|US20080016240||Oct 12, 2006||Jan 17, 2008||Nokia Corporation||Method for obtaining information objects in a communication system|
|US20080181219 *||Jan 31, 2007||Jul 31, 2008||Wei Wen Chen||Detecting and identifying connectivity in a network|
|US20080225852||Mar 15, 2007||Sep 18, 2008||Robert Raszuk||Methods and apparatus providing two stage tunneling|
|US20090083390||Sep 23, 2008||Mar 26, 2009||The Research Foundation Of State University Of New York||Automatic clustering for self-organizing grids|
|US20090092124 *||Oct 3, 2007||Apr 9, 2009||Microsoft Corporation||Network routing of endpoints to content based on content swarms|
|US20090234917||Aug 28, 2008||Sep 17, 2009||Ntt Docomo, Inc.||Optimal operation of hierarchical peer-to-peer networks|
|US20100064008||Sep 11, 2009||Mar 11, 2010||Huawei Technologies Co., Ltd.||Peer-to-peer network system, proxy service peer, and method for peer interworking between overlay networks|
|US20100162035 *||Dec 17, 2009||Jun 24, 2010||Bizanga Store, S.A.R.L.||Multipurpose Storage System Based Upon a Distributed Hashing Mechanism with Transactional Support and Failover Capability|
|US20100172270 *||Mar 22, 2010||Jul 8, 2010||Nortel Networks Limited||Distributed Storage of Routing Information In a Link State Protocol Controlled Network|
|US20100293223||May 18, 2009||Nov 18, 2010||Cisco Technology, Inc.||Limiting storage messages in peer to peer network|
|US20100293295||Nov 18, 2010||Cisco Technology, Inc.||LIMITED BROADCAST, PEERING AMONG DHTs, BROADCAST PUT OF LIMITED CONTENT ONLY|
|CN102037711A||May 17, 2010||Apr 27, 2011||思科技术公司||Limiting storage messages in peer to peer network|
|CN102037712A||May 17, 2010||Apr 27, 2011||思科技术公司||Limited broadcast, peering among DHTs, broadcast PUT of limited content only|
|DE102006021591B3||May 9, 2006||Apr 5, 2007||Siemens Ag||Data transfer method for e.g. Internet, involves transmitting query for destination-peer-device from one of peer-to-peer-networks to one of peer-devices in network under information of one of network addresses of another peer-device|
|EP2034665A1||Jun 26, 2007||Mar 11, 2009||Huawei Technologies Co., Ltd.||Domain manager system, method and device for acquiring neighbor domain manager and updating domain manager|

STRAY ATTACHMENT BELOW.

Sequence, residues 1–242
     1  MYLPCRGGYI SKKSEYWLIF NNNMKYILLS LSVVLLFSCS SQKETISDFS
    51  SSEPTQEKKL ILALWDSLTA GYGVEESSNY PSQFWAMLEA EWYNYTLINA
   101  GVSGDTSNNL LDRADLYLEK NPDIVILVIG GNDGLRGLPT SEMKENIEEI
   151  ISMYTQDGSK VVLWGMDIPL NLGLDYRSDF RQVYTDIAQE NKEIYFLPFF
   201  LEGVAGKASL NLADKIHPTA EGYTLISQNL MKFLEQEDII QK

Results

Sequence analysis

|WO2005079020A1||Jan 24, 2005||Aug 25, 2005||Cachelogic Limited||Methods and apparatus for routing in a network|
|WO2008110054A1||Dec 14, 2007||Sep 18, 2008||Huawei Technologies Co., Ltd.||Peer-to-peer network system, proxy node, and communication method for nodes among overlay networks|
|WO2010135251A1||May 17, 2010||Nov 25, 2010||Cisco Technology, Inc.||LIMITED BROADCAST, PEERING AMONG DHTs, BROADCAST PUT OF LIMITED CONTENT ONLY|
|WO2010135254A1||May 17, 2010||Nov 25, 2010||Cisco Technology, Inc.||Limiting storage messages in peer to peer network|
|1||Balakrishnan et al., "Peering Peer-to-Peer Providers," IPTPS, Feb. 2005, pages; http://nms.lcs.mit.edu/papers/pppp-iptps05.pdf.|
|2||Ganesan, Prasanna et al., "Yappers: a peer-to-peer lookup service over arbitrary topology," Proceedings IEEE Infocom 2003, The Conference on Computer Communications, 22nd Annual Joint Conference of the IEEE Computer and Communications Societies, San Francisco, CA, Mar. 30-Apr. 3, 2003; Proceedings IEEE InfoCom, The Conference on Compu, vol. Conf. 22, Mar. 30, 2003, pp. 1250-1260, XP002310321.|
|3||Hari Balakrishnan, Scott Shenker, and Michael Walfish, "Peering Peer-to-Peer Providers", http://nms.csail.mit.edu/papers/pppp-iptps05.pdf.|
|4||Juwei Shi et al., "A Hierarchical Peer-to-Peer SIP System for Heterogeneous Overlays Interworking," Global Telecommunications Conference 2007; GLOBECOM '07 IEEE, Piscataway, NJ, USA, Nov. 1, 2007, XP031195953 ISBN: 978-1-4244-1042-2, pp. 93-97.|
|5||PCT Dec. 1, 2011 Notification and Transmittal of International Preliminary Report on Patentability from PCT/US2010/035126; 7 pages.|
|6||PCT Dec. 1, 2011 Notification and Transmittal of International Preliminary Report on Patentability from PCT/US2010/035131; 6 pages.|
|7||PCT Notification of Transmittal (1 page) of the International Search Report (4 pages) and the Written Opinion of the International Searching Authority, or the Declaration (5 pages) mailed Aug. 17, 2010 for PCT/US2010/035126.|
|8||PCT Notification of Transmittal (1 page) of the International Search Report (4 pages) and Written Opinion of the International Searching Authority (4 pages) mailed Aug. 19, 2010 for PCT/US2010/035131.|
|9||Stoica, Ian et al., "Chord: A Scalable Peer-to-Peer Lookup Service for Internet Applications," MIT Laboratory for Computer Science, SIGCOMM'01, Aug. 23-31, 2001, San Diego, CA http://pdos.ics.mit.edu/chord/.|
|10||USPTO Apr. 1, 2011 Non-Final Office Action from U.S. Appl. No. 12/467,849.|
|11||USPTO Aug. 10, 2011 Final Rejection from U.S. Appl. No. 12/467,737.|
|12||USPTO Aug. 16, 2011 Final Office Action from U.S. Appl. No. 12/467,849.|
|13||USPTO Jul. 1, 2011 Response to Apr. 1, 2011 Nonfinal Office Action from U.S. Appl. No. 12/467,849.|
|14||USPTO Jun. 30, 2011 Response to Mar. 31, 2011 Nonfinal Office Action from U.S. Appl. No. 12/467,737.|
|15||USPTO Mar. 31, 2011 Nonfinal Rejection from U.S. Appl. No. 12/467,737 filed May 18, 2009.|
|16||USPTO Nov. 10, 2011 RCE Response to Final Rejection from U.S. Appl. No. 12/467,737.|
|17||USPTO Nov. 16, 2011 RCE Response to Aug. 16, 2011 Final Office Action from U.S. Appl. No. 12/467,849.|
|U.S. Classification||370/255, 370/401|
|Cooperative Classification||H04L45/32, H04L45/64, H04L45/00|
|European Classification||H04L45/32, H04L45/64, H04L45/00|
|Mar 3, 2009||AS||Assignment|
Owner name: CISCO TECHNOLOGY, INC., CALIFORNIA
Free format text: ASSIGNMENT OF ASSIGNORS INTEREST;ASSIGNORS:DAVIE, BRUCE STUART;TIAN, JINING;MEDVED, JAN;SIGNING DATES FROM 20090223 TO 20090227;REEL/FRAME:022337/0110
|Jan 25, 2016||FPAY||Fee payment|
Year of fee payment: 4